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  1. #251
    Elitist Troglodyte DMF's Avatar
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    Quote Originally Posted by reef58
    This excuse is over the top. Maybe he is innocent, but come on 6 drinks, and stage 17 in front of you, and you are already dehydrated.
    Did you maybe notice that he went through 70 water bottles just during the race? Water is a known antidote for dehydration.
    Stupidity got us into this mess - why can't it get us out?

    - Will Rogers

  2. #252
    Elitist Troglodyte DMF's Avatar
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    Quote Originally Posted by EURO
    This is a sporting regulation, not a law. You cannot have cases that set precident and give the possibility of new regulations to be written.

    All a sport is is a system of regulations. As soon as you contest one regulation, you devalue the whole sport.
    We have to distinguish regulations that embody the nature of the sport - call them "primary regulations" - from those that don't ("secondary"). For instance, the handball rules in futbol express the nature of the game. To say that a handball is okay in certain circumstances does change (I dunno about "devalue" ) the sport. Likewise the regulation prohibiting cyclists doping. Anyone that contends that it's okay to use PEDs is trying to change the nature of the sport, and I oppose that just like you do. The corollary is that clean riders may participate. That's the nature of the sport.

    But you can't extend the same logic to secondary regulations such as the specific details of how a primary regulation is implemented. For instance, say that the baseline official has authority in ruling on charging calls in basketball. Now we change it so that the backcourt official has that responsibility. Has the nature of the game changed? Not at all. Charging is still illegal and will be penalized.

    Same with the doping test rules; they are secondary regulations. A test *may* indicate that a rider doped. But since a bad test would disqualify a clean rider - also violating the nature of the sport - you can't stop there and say, "Well, he failed the test so that's all we need to know". You have to examine the possibility that the test itself may indicate something other than doping. That's why there are judgement calls in sport. E.g. consider the job of the futbol referee.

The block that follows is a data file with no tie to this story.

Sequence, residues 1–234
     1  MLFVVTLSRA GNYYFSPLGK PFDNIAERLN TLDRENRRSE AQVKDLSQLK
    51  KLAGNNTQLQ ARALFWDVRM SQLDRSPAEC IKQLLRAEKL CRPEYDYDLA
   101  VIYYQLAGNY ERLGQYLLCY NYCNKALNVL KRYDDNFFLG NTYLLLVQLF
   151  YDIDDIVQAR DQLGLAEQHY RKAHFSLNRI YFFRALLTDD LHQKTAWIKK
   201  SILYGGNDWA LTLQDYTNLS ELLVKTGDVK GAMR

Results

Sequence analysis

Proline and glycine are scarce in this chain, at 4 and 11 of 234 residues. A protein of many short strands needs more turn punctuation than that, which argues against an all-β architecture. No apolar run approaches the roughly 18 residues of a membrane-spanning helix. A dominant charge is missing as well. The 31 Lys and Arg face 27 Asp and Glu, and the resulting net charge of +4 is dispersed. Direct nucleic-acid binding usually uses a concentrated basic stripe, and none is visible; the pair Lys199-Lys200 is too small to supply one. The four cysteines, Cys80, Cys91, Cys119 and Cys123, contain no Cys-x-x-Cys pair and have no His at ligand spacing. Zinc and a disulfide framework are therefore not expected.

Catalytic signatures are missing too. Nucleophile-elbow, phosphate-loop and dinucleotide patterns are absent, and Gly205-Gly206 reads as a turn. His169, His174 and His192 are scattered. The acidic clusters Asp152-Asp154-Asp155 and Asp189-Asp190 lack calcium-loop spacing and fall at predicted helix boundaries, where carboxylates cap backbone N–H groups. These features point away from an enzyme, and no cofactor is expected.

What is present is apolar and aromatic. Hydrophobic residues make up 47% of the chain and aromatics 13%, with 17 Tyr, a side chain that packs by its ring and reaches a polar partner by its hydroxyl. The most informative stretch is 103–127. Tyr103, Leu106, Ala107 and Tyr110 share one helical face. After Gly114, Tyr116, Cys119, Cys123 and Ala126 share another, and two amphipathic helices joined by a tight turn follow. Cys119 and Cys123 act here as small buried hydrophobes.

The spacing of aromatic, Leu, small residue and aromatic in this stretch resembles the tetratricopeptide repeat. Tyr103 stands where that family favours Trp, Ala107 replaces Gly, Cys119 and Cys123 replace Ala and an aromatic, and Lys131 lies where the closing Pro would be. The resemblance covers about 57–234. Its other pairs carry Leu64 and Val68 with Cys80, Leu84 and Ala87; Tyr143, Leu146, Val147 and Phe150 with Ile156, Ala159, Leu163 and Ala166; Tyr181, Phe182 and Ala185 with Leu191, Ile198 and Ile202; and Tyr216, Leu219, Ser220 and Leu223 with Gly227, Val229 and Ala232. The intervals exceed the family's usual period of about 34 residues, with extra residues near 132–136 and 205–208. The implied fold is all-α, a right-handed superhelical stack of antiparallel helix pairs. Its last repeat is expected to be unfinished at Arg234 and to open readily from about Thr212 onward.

Stupidity got us into this mess - why can't it get us out?

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  3. #253
    Senior Member Karlotta's Avatar
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    Interesting details from Don Catlin (UCLA Anti-Doping expert), published in an article in the San Diego paper (available online at: http://www.signonsandiego.com/sports...s29landis.html)

    But a bigger issue for Landis figures to be another, less publicized test that has quietly gained legitimacy in recent years. It is called a carbon isotope ratio, or CIR, and it differentiates between testosterone produced naturally inside the body and pharmaceutical testosterone introduced externally.

    “It's a wonderful tool,” said Catlin, the UCLA scientist who was instrumental in developing it. “We've never known it to be wrong. We use it all the time now. If you have a high t/e ratio in our lab, we do a carbon isotope ratio right away. We don't report a high t/e ratio without a carbon isotope test.”

    Therein, perhaps, lies the greatest obstacle for Landis.

    The Paris lab conducting tests from the Tour de France is accredited by the World Anti-Doping Agency, and WADA protocol calls for a CIR if a urine test shows an elevated t/e ratio. It also recommends that an athlete's t/e ratios from previous drug tests be examined to determine if the elevated t/e ratio is an abnormality.

    The idea is that a doping case is not initiated against an athlete without at least two and ideally all three of these elements.

    The International Cycling Union (UCI) did not reveal details of the preliminary lab results, and Phonak, Landis' Swiss-based team, said only that UCI notified it of “an unusual level of testosterone/epitestosterone.” But there were reports in France that the Paris lab had indeed conducted a CIR and that it was positive, and Catlin said he'd be surprised if the lab didn't perform one.

    “They are a WADA-accredited lab and they follow WADA protocol,” Catlin said. “I think it's a very safe assumption – very safe. Why would they risk not doing that? I mean, good grief, you'd think they are going to have all their ducks in order for a case like this.”

    And if those three elements all point to illicit use of testosterone?

    “You are not going to lose the (doping) case, period,” Catlin said.

  4. #254
    In Transition fruitless's Avatar
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    Quote Originally Posted by Karlotta